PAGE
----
, , ,

Bike Security and Theft Recovery from Trophy Bikes at Philly Bike Expo (2017)

Yesterday, I visited the Philadelphia Bike Expo.  I saw two or three WCBC members there and I found much of it entertaining and interesting.  Watching the King Cage exhibitor create a bottle cage in about 45 seconds starting with a straight piece of thin steel rod and bending it by hand around various jigs to create the cage (minus the weld-on piece to attach to the bike bosses) was a big crowd attraction.

A representative from Trophy Bikes in Philadelphia gave an excellent presentation on bike security and theft recovery.  I’d like to touch on some of the highlights of his talk. 

REGARDING SECURITY:  He primarily addressed long term bike security focusing on commuters and others who might park and lock bikes for hours at a time.  Quite frankly, most road riders aren’t going to carry eight pounds of u-lock and heavy-duty cable so the actual locking I’ll skip but will mention some comments he made regarding what we should lock onto and what to look for.

  • Always lock your bike to something
  • Shake anything you’re locking your bike to.
    • Thieves have been known to dig out signs to make their removal easy, so they can lift the sign (or even young trees) and take your locked bike.
  • Shake “permanent” bike racks even if they are cemented into the ground.
    • Thieves have been known to saw through the rack and cover the cuts with tape, so they can simply kick the rack apart and steal your bike.
  • Don’t lock to posts where the street sign has been removed. All a thief needs to do is lift your bike up and over.  (They will use a 2×4 for leverage if the post is very high.)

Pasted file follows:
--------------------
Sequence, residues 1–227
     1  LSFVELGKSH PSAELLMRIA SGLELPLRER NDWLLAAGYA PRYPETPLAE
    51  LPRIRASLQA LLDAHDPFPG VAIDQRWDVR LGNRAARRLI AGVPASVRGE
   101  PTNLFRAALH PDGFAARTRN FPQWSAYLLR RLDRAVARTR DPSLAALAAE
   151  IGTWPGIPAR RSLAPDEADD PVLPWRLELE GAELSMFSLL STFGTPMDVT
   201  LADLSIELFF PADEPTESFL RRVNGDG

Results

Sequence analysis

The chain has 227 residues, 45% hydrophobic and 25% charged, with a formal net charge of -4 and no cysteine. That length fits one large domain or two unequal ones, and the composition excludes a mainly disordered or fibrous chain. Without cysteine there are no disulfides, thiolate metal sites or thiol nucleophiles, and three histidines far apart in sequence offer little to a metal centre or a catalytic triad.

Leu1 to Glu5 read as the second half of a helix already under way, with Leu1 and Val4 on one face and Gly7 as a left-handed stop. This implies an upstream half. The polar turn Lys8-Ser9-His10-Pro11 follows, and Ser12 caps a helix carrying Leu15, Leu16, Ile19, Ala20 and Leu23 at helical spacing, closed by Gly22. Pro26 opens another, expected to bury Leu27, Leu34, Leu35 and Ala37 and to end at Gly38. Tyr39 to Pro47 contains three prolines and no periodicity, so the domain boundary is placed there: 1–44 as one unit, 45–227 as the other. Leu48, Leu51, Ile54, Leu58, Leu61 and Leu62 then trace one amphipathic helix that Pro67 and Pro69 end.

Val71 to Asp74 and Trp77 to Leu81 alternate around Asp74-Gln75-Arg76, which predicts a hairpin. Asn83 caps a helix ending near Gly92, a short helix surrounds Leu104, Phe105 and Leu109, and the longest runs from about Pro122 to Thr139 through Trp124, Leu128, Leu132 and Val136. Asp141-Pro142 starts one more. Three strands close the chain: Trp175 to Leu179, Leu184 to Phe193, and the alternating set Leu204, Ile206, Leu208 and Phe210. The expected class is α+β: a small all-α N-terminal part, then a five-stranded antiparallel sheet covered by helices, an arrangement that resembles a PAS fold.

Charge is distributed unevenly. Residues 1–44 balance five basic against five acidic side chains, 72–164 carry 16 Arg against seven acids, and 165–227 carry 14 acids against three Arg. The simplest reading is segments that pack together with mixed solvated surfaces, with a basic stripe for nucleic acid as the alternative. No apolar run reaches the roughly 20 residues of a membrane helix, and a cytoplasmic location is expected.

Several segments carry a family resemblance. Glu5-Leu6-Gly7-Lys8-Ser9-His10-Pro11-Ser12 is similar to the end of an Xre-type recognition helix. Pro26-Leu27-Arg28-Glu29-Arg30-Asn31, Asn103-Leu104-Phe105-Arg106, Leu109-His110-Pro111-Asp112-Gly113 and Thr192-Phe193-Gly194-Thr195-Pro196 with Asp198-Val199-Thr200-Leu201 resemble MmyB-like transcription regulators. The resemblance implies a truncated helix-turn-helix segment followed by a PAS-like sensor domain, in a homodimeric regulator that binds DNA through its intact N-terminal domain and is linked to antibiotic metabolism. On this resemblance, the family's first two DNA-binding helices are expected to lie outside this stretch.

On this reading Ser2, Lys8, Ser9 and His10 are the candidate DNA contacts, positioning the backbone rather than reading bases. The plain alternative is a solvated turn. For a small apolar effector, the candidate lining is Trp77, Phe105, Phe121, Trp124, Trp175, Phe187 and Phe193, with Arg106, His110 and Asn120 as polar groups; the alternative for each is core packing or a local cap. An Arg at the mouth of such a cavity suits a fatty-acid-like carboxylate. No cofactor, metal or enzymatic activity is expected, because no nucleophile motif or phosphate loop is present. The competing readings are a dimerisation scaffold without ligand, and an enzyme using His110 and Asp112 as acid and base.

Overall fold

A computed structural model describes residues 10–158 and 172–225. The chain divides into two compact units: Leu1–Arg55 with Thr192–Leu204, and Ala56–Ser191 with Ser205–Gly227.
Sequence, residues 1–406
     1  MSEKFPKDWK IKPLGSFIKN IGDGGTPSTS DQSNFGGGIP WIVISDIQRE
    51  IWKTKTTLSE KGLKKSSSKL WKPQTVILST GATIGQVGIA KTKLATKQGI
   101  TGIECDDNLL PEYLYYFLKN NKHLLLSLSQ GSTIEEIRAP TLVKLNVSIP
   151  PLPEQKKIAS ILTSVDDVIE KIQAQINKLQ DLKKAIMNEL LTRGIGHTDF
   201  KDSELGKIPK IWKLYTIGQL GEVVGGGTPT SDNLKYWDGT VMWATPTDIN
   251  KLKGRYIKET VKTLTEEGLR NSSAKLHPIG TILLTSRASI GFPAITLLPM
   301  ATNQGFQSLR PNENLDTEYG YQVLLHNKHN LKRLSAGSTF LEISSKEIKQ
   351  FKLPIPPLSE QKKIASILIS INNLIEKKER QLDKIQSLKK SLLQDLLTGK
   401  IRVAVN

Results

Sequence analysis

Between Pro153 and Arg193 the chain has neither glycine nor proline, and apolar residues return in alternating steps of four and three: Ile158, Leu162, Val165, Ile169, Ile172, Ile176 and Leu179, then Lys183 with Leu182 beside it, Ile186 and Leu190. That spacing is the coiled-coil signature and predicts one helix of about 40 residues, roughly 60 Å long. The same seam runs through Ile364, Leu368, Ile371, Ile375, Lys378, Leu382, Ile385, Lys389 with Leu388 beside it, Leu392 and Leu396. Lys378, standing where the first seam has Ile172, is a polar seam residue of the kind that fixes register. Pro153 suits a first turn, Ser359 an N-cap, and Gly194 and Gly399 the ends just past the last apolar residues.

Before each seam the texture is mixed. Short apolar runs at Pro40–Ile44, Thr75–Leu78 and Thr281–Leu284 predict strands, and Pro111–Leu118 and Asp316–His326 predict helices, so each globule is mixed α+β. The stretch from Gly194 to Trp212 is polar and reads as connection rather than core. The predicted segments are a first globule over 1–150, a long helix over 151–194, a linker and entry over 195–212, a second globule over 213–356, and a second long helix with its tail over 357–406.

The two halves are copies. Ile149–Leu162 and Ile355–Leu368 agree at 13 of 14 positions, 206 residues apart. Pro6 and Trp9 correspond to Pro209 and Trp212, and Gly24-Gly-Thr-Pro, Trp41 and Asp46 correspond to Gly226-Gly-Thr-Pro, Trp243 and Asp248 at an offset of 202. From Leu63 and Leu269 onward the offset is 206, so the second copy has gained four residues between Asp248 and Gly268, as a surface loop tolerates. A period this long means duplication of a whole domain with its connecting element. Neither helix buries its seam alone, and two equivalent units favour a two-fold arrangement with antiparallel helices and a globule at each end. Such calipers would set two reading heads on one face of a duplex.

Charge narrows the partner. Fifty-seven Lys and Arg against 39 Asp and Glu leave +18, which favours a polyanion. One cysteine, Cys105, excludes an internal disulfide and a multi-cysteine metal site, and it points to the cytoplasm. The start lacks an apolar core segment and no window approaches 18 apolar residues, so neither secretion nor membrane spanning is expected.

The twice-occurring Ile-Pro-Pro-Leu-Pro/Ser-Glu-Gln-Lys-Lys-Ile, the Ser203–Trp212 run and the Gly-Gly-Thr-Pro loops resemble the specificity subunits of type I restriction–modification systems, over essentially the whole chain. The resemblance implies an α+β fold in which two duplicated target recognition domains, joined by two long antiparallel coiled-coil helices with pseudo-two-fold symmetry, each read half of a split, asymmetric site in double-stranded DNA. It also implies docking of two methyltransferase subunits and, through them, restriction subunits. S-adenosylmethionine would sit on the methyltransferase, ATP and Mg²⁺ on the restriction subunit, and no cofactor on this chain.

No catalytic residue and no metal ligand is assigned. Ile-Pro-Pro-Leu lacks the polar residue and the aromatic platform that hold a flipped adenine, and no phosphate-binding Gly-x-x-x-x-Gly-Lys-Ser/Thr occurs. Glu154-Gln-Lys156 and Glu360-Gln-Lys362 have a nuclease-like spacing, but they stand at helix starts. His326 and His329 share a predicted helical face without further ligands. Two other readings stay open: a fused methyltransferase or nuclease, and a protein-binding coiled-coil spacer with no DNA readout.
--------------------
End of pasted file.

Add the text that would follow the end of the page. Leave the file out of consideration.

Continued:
I am looking into a new, supposedly very strong and very light weight lock that roadies could carry for short term (grab a drink at WAWA or making a “pit stop”) lock-ups.  More to come on that.

REGARDING THEFT RECOVERY:  The speaker made some excellent points.  It’s difficult to recover stolen property if you can’t prove ownership.  He said that he’ll sometimes get a call saying that a person’s bike was stolen, and it was bought on a Thursday in 2012.  Sometimes the shop can find records and sometimes they can’t.  Sometimes they are too busy to look for a while.

  • Take a picture of you with the bike AND a picture of the bike’s serial number and keep it in your phone. That way you have immediate information to give police.
  • Create overt and covert markings on your bike.
    • Overt markings – Write your initials with a silver sharpie on you tire. Yes, it detracts from your bikes ambiance, but no one sees it when you’re moving.  If you don’t want to mark your tires, find some other method to obviously mark your bike that you can live with.  Remember that stickers can be easily removed in most cases.
      • This helps bike shops you’ve notified of the theft to spot your bike should it show up for repair or sale.
    • Covert markings – Place a dab of paint or nail polish high on the inside of your forks and seat stays. Use the same color as your frame so it will be invisible.  The texture will be evidence of your marking.
      • This gives you evidence should there be a dispute regarding ownership
    • Make a police report. Include the bike and serial number pictures and the overt and covert clues above.  This helps bike shops when calling that they have a stolen bike.
    • Finally…his words not mine…Police generally make bike theft a low priority so the easier we can make it to identify the bike the better.


 Always lock up the frame and both wheels (Ed.)

     No one ever said that you can have too many locks… (Ed.)